The fifth edition of the Oslo Architecture Triennale (OAT) is currently being held in the Norwegian capital and continues through 1 December. The main exhibition of the biggest architecture event in the Nordic region takes a look “Behind the Green Door”. Rotor, the Belgian curators of the show, investigate the connection between “Architecture and the Desire for Sustainability”. Lionel Devlieger and Maarten Gielen of Rotor have spent one year looking in detail at how the notion of sustainability has influenced architecture and urbanism. As the starting point of their research they took the widely recognized definition of sustainable development given in the now famous Brundtland Comission Report released by the UN in 1987: “development that meets the needs of the present without comprising the ability of future generations to meet their own needs”. Even if nowadays most building and planning projects are presented as meeting criteria of sustainability, the transposition of the new standards into altered construction practices remains an admittedly difficult undertaking. The curators therefore made use of a stratagem – or, one could say, they chose an easy way out of the dilemma. Besides being selected by the curators, projects included in the exhibition needed to meet only one other criterion: the architects or planners had to claim that their building or planning concept was sustainable.
For the exhibition, the curators collected more than 600 objects, featuring the work of more than 200 architectural offices, environmental organizations, and companies worldwide. The objects exhibited are ordered, firstly, along a timeline, the so-called archive, and secondly via thematic tables. A project index containing articles on individual pieces offers additional, more detailed information on them. Among the exhibition objects are models, photographs, and videos as well as individual pieces of materials and prototypes, publications, toys, and various devices and apparatuses. The gamut runs from a Popular Science cover (March 1949) to the greened high-rise in Milan by Stefano Boeri Studio to a plan of the Duisburg Nord landscape park by Latz + Partner, from individual buildings or objects to a complete urban masterplan. Each of these objects tells its own story. The curators raise questions to which the visitors will have to find answers on their own. The exhibition is as much a random collection of interesting artefacts as it is a chamber of wonders exuding all kinds of inspiration – provided one is willing to engage with the objects shown.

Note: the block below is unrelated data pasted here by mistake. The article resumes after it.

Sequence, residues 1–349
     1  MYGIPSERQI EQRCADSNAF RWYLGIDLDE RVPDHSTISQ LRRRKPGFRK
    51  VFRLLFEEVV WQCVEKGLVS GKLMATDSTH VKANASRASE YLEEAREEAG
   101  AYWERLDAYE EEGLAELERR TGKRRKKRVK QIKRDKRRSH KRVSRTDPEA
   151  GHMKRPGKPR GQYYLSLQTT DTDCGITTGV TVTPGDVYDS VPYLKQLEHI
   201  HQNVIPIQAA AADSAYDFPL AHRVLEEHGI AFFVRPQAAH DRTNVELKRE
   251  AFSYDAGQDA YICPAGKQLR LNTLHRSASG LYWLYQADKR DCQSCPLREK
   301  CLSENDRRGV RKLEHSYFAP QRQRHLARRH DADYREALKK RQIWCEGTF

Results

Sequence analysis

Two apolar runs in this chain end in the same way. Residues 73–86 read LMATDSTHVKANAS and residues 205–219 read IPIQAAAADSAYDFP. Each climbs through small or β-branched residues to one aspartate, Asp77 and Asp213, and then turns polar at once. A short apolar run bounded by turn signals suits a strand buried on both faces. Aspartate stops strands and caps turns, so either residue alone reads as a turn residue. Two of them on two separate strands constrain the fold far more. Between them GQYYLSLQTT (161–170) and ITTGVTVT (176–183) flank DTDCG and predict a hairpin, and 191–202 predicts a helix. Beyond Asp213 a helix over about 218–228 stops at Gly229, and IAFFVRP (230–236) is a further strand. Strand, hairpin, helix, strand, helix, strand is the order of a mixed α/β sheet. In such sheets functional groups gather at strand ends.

Basic problems of sustainable (construction) projects are explicitly addressed in the catalogue that accompanies the show. Masdar City in Abu Dhabi, planned by Forster + Partners, is a case in point; it was designed to be a showcase city: car-free, using renewable energy sources, zero carbon, zero waste system. Yet the limits were clearly defined. “Never mind what happens outside these boundaries, the car is parked outside the city wall,“ John Roberts, principal of the engeneering and environmental consultancy firm Arup, is quoted to have said. In an analogous contradiction, many of the sustainable and energy-independent luxury residences have a sports car or an SUV parked in front of them. Apart from telling of sustainable attempts in an unsustainable world, the catalogue (and the exhibition) also point to the negative repercussions of specious or ill-conceived sustainability goals: for example, the demand for used teak wood in the US led to the dismantling of traditional teak houses in Asia, thus destroying part of the region’s cultural heritage.
A wide variety of about 70 events accompany the Oslo Architecture Triennale. The exhibition “Far out Voices” at the National Museum of Art, Architecture & Design deals with the pioneers and precursors of what we today call green design.
Photos by Marte Garmann